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George Whitefield: The Life and Times of the…

George Whitefield: The Life and Times of the Great Evangelist of the… (edição: 1980)

de Arnold A. Dallimore- volume 2 (Autor)

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406448,615 (4.53)Nenhum(a)
Volume 2 follows events onwards until his death in 1770. An outstanding biography, popularly written, and with an urgent message for the present day.
Título:George Whitefield: The Life and Times of the Great Evangelist of the Eighteenth Century - Volume II
Autores:Arnold A. Dallimore- volume 2 (Autor)
Informação:Banner of Truth (1980), Edition: 1st Edition, 620 pages
Coleções:Sua biblioteca

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George Whitefield: The Life and Times of the Great Evangelist of the Eighteenth Century - Volume II de Arnold A. Dallimore


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Exibindo 4 de 4
So encouraging, stimulating, and edifying in my walk with the Lord. It's a bit long at times, but the style is very readable and I was sad to see it end. I'll have to find some of his sermons to read now, though they say the ones on record aren't his best, and of course reading isn't the same as hearing and seeing the evangelist in action... I was blessed. ( )
  acotnoir | Oct 13, 2013 |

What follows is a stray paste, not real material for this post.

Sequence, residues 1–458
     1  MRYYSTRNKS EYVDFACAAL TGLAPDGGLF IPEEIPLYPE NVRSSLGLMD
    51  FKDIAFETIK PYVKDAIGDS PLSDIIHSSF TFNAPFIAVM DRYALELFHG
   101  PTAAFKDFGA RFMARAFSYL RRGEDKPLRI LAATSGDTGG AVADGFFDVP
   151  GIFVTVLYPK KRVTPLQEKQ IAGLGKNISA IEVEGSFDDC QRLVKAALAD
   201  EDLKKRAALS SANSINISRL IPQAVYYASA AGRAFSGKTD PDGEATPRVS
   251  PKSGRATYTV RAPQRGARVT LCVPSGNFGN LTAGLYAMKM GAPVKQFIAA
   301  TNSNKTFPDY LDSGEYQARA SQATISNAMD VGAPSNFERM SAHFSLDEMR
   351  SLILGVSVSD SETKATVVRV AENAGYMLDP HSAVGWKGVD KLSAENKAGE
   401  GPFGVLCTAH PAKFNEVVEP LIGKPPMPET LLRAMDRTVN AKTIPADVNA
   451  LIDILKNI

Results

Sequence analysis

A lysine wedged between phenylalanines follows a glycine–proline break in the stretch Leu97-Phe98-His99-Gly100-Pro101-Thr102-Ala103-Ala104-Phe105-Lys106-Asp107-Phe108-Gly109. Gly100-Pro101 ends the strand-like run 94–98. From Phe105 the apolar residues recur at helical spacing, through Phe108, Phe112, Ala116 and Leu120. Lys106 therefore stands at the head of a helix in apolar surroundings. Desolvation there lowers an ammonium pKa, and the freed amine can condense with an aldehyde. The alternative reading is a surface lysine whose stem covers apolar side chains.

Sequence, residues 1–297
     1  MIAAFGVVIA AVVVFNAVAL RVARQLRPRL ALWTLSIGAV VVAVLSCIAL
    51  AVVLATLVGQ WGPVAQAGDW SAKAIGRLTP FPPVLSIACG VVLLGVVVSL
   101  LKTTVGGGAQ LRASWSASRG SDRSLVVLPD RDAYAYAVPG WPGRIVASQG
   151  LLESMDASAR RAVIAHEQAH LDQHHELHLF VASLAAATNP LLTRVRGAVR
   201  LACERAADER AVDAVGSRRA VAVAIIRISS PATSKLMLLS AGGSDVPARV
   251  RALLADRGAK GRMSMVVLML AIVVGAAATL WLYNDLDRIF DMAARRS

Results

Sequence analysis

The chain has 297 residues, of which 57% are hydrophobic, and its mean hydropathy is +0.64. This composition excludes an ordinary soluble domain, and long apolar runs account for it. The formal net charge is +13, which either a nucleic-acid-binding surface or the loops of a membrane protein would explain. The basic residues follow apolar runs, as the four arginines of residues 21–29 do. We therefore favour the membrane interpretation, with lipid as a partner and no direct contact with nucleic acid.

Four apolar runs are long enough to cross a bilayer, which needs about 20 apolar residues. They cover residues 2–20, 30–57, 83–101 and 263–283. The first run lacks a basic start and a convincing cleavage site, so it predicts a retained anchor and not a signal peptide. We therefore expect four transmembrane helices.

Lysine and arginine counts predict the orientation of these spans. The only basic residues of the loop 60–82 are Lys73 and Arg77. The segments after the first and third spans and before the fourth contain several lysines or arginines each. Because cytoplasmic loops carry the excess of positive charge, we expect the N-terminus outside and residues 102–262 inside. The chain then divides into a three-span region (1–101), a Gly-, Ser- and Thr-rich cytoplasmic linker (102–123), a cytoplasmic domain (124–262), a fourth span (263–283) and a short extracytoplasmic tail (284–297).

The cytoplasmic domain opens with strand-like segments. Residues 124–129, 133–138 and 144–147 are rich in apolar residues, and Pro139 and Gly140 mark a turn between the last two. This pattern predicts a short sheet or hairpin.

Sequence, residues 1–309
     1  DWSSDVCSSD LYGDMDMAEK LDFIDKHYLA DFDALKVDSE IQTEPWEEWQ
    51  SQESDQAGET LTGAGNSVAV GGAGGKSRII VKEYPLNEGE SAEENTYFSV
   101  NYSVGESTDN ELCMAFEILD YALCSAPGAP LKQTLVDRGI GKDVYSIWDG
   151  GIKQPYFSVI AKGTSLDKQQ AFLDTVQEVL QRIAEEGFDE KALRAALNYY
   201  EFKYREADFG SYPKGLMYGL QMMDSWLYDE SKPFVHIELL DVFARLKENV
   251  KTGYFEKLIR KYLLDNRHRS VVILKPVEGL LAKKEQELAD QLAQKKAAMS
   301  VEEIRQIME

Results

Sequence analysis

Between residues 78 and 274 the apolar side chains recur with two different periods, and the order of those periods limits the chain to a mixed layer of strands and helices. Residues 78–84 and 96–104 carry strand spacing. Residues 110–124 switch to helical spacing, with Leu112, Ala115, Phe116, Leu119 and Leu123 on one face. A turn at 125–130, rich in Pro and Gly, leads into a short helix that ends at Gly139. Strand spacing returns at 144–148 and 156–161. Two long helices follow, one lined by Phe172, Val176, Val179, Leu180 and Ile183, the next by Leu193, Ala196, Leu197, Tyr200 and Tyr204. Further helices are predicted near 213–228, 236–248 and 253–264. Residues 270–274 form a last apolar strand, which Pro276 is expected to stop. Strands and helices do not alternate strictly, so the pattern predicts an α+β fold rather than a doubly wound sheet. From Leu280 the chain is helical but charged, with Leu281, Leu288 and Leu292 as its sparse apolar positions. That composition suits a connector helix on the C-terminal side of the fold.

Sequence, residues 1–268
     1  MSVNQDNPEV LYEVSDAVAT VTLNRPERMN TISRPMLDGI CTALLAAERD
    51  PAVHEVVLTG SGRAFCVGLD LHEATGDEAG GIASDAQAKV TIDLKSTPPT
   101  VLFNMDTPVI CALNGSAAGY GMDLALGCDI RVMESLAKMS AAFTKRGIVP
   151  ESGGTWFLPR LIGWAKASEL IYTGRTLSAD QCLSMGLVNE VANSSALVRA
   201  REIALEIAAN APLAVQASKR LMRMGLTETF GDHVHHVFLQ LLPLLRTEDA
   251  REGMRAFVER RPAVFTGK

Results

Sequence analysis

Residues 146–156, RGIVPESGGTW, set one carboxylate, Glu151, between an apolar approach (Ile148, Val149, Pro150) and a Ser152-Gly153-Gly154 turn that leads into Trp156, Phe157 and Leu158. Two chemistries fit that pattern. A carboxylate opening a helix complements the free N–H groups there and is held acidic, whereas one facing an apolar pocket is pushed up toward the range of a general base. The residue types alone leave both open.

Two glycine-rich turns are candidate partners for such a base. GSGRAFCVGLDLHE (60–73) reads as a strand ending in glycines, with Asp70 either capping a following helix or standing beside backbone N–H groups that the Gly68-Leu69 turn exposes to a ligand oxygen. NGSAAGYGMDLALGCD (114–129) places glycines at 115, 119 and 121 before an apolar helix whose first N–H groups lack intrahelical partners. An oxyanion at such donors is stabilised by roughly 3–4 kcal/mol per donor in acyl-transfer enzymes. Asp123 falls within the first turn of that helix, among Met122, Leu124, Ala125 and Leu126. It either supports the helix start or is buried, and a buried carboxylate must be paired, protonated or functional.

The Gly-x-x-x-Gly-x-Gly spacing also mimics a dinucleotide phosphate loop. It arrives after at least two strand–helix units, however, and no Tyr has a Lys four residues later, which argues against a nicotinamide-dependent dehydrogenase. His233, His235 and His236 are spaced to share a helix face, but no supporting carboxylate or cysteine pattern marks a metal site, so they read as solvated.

After spending more than 1200 pages with a man, you feel like you know him quite well. Dallimore has set the standard for me as I read biographers and I would venture to guess that this book has permanently shaped my expectations as to the detail with which an author seeking to write the definitive biography, should write with. Dallimore shines in the details. I think that I read somewhere that he spent 30 years in preparation for this work and if that is true, I'd believe it. He seems to have read every imaginable primary and secondary source and brought in so much evidence for his arguments that this work will likely never be topped. I feel like I went with Whitefield on every single ministry circuit, read every one of his letters, and knew each one of his friends. Dallimore's contribution is remarkable.The danger in reading the biographies of such extraordinary humans is discouragement. Whitefield is probably the most extraordinary man I've ever heard of. His unique ministerial gifts, his gospel energy, and the holiness of his life make him feel superhuman to me and I find it quite difficult to relate to him. I attribute most of this simply to the fact that God gifted him in extraordinary ways. Yet, I also direct a modest portion of blame towards the author. My largest disappointment with this work is that though the author acknowledged numerous faults possessed by Whitefield, it often felt as if he did it only out of obligation. On pp 519-20 of vol. II Dallimore briefly summarizes 6 of Whitefield's faults but it felt disproportional to me. After 1200 pages of admiration, I'd suggest that the credibility of this work would be bolstered if at least 5% of the space had been given to a consideration of his faults. In particular, I was troubled by Whitefield's neglect of his wife and felt that many of his life's troubles came from overextending himself in ministry. I'm really surprised that the latter concern was not addressed as the author cites countless of accounts of how his friends seemed to share my concern.However, these criticisms should not detract much from this work. To borrow a common assessment of Whitefield, the weaknesses of Dallimore's work are like 'spots on the sun,' thus hardly noticeable. The power of this work, like any decent biography is the opportunity it provides not only for education for historical events such as the Great Awakening, or the Whitefield v. Wesley controversy, but also for personal reflection. It would be far too ambitious of a task for me to attempt to account for the numerous bits of both large and small wisdom that I gained from observing this man's life. The bottom line is that if you are interested in Whitefield, Wesley, or the Great Awakening this book is indispensable. This is the unrivaled, definitive work on Whitefield's life and should be widely read by pastors, church historians, and aspiring leaders across many denominations. Additionally, I commend Banner of Truth for the quality of this sewn binding. These two books are the best constructed books I own. ( )